Rick Simpson thinks Thunder Bay still feels the need for speed.
In fact, he’s banking on it.
Simpson has leased the quarter-mile Mosquito Speedway dirt track for a weekend next month, and he and his brother plan to bring racing back to the city for two days, starting Sept. 13.
“There hasn’t been racing here in over 11 years,” said Simpson, who plans to get behind the wheel and compete for a trophy.
The idea was hatched when Simpson’s nephew stopped by the track, which closed in 2003 after a nine-year run, and discussed the idea of a one-time event with oval’s owners.
Thunder Bay is a racing town, and while Simpson isn’t sure why it didn’t work out the last time, he’s convinced there’s enough interest from both drivers and fans to attempt a one-time event, with the idea of bringing it back on an annual basis should it prove successful.
“You go to the United States of America, to Superior, Wisc., you see thousands of people there in attendance that love racing and are from Thunder Bay. There are a lot of NASCAR fans here, dirt track fans and we love racing ourselves and we want to bring it back ourselves,” Simpson said.
Fans attending the Thunder Bay Dirt Track Invitational will have a number of different categories to keep them entertained all weekend long, Simpson added.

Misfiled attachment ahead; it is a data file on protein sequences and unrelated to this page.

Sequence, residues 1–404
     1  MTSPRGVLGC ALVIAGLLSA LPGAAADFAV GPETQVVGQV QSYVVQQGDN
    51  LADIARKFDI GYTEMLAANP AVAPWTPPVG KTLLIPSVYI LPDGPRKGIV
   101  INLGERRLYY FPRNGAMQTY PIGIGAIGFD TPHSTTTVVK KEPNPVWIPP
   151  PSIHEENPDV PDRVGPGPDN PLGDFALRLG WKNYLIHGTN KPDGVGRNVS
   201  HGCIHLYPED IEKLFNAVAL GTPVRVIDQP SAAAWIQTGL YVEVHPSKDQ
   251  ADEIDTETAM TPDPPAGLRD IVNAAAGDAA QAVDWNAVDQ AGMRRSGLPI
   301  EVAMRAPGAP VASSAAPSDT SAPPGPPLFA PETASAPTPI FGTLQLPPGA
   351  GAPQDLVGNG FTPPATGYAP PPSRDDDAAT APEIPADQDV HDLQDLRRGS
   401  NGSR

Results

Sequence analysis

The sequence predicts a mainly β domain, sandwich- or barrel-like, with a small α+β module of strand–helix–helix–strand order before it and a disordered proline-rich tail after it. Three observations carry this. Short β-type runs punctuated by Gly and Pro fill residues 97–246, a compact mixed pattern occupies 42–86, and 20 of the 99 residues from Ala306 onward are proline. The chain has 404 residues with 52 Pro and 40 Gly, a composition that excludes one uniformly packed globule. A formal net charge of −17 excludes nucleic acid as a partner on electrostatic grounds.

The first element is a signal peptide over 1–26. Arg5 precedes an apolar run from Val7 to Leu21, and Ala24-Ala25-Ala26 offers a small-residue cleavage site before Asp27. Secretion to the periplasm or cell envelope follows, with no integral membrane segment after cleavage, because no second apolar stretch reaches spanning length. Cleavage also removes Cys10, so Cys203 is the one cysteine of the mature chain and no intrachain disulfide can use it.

“We’re going to have Wissota Mid-west modified and Wissota Super Stocks. We’re also going to have outlaw street stocks and the local ice racers will also be there as well,” Simpson said.
He expects between 50 and 60 racers to take part, not bad considering the costs involved.
“It’s a very expensive sport to get into and there’s not a lot of money to be won when you do win,” Simpson said.
“Our thing is we’ll have a one-time deal here and try to make it $2,500 for a win for the Mid-West modified and the Super Stocks. That’s trying to bring out some people and get some cars going again.”
What does the future hold? Simpson isn’t sure.
“Let’s get this first year over with first and we’ll see how we make out. We’ve got a lot of donations from a lot of people helping things out. It’s really expensive to get this happening. Let’s see what happens after this year and we’ll see for next year,” Simpson said.
“We leased the track. It’s not our property, it’s the Harry’s … so we’ll have to obviously talk to the (Harry’s) before we move forward.”
Tickets are $20 for general admission and $30 for pit access.
Click here to report a typo or error
You must log in to add comments.
Create a new account
Remember me next time.